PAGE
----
Hikers deal with basic survival issues every day out on the trail. In the process, they learn things about themselves that they may not have otherwise. As in the epic hero’s journey that echoes throughout so many books, films and television shows, the wilderness adventure draws out parts of yourself that you hadn’t realized you possessed before. Among other things, the experience can teach you self-reliance.
The state of technology today makes it easy for people to believe that they can navigate a section hike or even a thru-hike with a single app. You can download a map onto your phone, use it in conjunction with GPS, and it will show you everything of pertinent interest on a particular trail: the kind of terrain, the elevation, the distances between points, as well as the locations of water, shelters, road crossings, alternate routes, tent sites, hostels, etc. Most importantly, you can see where you are, at any given time.
Unfortunately, such a level of sophistication can encourage people to grow lax in certain common-sense areas when it comes to surviving and navigating in the wilderness, much like your basic math skills will get rusty if you constantly resort to a calculator or computer to crunch numbers. Given the comprehensive scope of a trail app, many people won’t bother to pack a physical map or compass – or, if they do carry such items, they may not take the time to familiarize themselves with the use of those tools before heading out.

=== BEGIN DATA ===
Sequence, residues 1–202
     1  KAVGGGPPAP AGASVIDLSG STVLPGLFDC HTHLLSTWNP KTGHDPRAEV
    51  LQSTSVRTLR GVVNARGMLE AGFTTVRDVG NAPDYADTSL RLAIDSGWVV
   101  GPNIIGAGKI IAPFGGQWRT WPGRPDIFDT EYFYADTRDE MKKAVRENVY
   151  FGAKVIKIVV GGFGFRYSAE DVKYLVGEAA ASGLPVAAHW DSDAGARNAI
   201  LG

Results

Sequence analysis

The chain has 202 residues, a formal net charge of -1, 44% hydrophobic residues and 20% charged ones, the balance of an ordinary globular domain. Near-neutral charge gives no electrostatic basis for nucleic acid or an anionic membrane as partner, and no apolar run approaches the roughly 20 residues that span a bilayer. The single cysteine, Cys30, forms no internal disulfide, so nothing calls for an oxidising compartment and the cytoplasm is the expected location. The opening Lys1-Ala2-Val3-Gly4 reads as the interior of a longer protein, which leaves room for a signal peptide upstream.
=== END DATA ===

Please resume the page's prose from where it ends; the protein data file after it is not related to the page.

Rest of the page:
An electronic device can help you navigate in an environment that it wasn’t designed to thrive in the first place. A cellphone out on the trail, for example, can be subjected to water damage either amid a storm, from a fall into the water or even on an occasion when you’re obliged to cross a deep river or stretch of wetland. It can be dropped or jostled along with other items in your pack. You might leave it behind at a shelter or campsite. Even if your phone never takes damage out on the trail, it can still run out of power. On certain trails, you can easily spend more than a week hiking between resupply towns.
Once you no longer have access to that device, you might realize how reliant on it you’ve been. Even if you’re on a well-blazed trail, you won’t know how far you’ve got to go to find water or lodging – unless you’re fortunate enough to run into a knowledgeable hiker. A map would give you that information. A compass and a map, used in tandem, would guide you back to the trail if you got lost.
These are accessories that belong in every travel pack. Your skills with a map and compass are bound to get rusty, though, if you assume that you’ll always have an electronic device on hand to outline your route for you.